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Lang v. United States Reduction Co.


March 2, 1940


Appeal from the District Court of the United States for the Northern District of Indiana, Hammond Division; Thomas W. Slick, Judge.

Author: Kerner

Before SPARKS, MAJOR, and KERNER, Circuit Judges.

KERNER, Circuit Judge.

This was an action for personal injuries brought under the Indiana Employees' Liability Act,*fn1 claimed to have been sustained by plaintiff Michael Lang while in the employ of the defendant. The cause was submitted to a jury. There was a verdict for plaintiff upon which judgment was rendered, and defendant appeals.

The cause was submitted to the jury upon two charges of negligence. The substance of the first charge was that in November of 1933 plaintiff was employed by defendant as a night watchman for twelve hours per night every night in the week; that he notified defendant that the duties imposed upon him were too great for his physical and mental well-being, but was directed to perform the same duties for the same number of hours.

The second charge was that defendant should have provided additional help to perform such duties, and should have reduced the number of hours that plaintiff was required to work; that notwithstanding such notice and knowledge defendant negligently failed to provide additional help and failed to reduce the number of hours plaintiff was required to work; that as the result of such negligence plaintiff's muscles became spastic and rigid, rendering him unable to perform any physical labor; that he suffered a severe and permanent injury to his nervous system; and that in the future he will be unable to pursue any gainful employment.

After defendant's demurrer to the complaint had been overruled, it answered, controverting the allegations of the complaint and pleading assumed risk and contributory negligence.

It appears that from 1913 to 1916 plaintiff was employed by defendant as a bricklayer. He re-entered defendant's employ in 1926 and worked until 1928. After an absence of three months he was again re-employed as a laborer. In 1933, when he was fifty-seven years of age and in good health, he was employed as a night watchman. He was told that he would be required to work twelve hours a day.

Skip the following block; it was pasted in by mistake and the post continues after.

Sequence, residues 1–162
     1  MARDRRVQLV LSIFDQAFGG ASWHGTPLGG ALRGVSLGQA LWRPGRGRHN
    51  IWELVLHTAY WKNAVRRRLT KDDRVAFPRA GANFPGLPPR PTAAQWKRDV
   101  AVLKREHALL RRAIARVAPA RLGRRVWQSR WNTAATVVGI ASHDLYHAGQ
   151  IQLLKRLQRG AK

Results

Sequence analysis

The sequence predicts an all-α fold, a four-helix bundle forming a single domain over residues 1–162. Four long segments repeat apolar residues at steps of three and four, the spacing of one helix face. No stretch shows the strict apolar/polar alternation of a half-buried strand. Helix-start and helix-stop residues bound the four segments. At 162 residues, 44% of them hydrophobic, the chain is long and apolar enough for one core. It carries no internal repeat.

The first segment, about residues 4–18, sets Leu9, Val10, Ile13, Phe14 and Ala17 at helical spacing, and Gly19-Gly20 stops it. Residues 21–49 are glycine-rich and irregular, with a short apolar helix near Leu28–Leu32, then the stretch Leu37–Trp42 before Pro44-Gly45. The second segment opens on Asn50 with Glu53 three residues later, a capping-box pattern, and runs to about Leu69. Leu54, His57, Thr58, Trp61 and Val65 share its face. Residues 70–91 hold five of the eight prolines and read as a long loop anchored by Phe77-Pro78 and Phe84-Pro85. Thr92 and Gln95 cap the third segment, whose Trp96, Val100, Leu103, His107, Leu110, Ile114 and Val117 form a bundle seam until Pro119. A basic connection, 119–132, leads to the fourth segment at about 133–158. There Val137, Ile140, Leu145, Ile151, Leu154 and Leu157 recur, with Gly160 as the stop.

His duties were to punch a time clock at various stations at the plant. Twenty minutes were occupied in making a round of the stations and the distance travelled was almost half a mile. He made eleven rounds each night. In making a round he climbed sixty steps every hour. During the winter months he fired three boilers and throughout the year lighted up seven or eight oil furnaces. He also had other duties to perform.

Plaintiff testified, without specifying any date, that: "During the time I worked there I told Mr. Lindenberger (defendant's president) 'It is too much work.' One time he promised to give me help but I never got any man to help me."

In November of 1936 he informed defendant's superintendent that he (plaintiff) was tired and that the work was too much for him. He was told to go home and take a good rest, and when he felt better, to return to his work. Plaintiff continued at his work until February 18, 1937. He has not worked since.

It further appears that on February 19, 1937 plaintiff was examined by Dr. George M. Cook, who testified that plaintiff had a light stroke that involved the left side of his body; that plaintiff had had a brain hemorrhage; that he was of the opinion that the type and the number of hours that plaintiff worked were a strong contributing factor to the cerebral hemorrhage, but that he found no underlying cause that would produce cerebral hemorrhage and nothing that he could lay his finger on as the cause of the hemorrhage.

A motion to instruct the jury to find defendant not guilty, tendered at the close of all the evidence, was denied by the court. On this appeal defendant has assigned numerous specifications of alleged errors. In the view we take of this case it shall be necessary only to consider its contention that the evidence is wholly insufficient to support the verdict.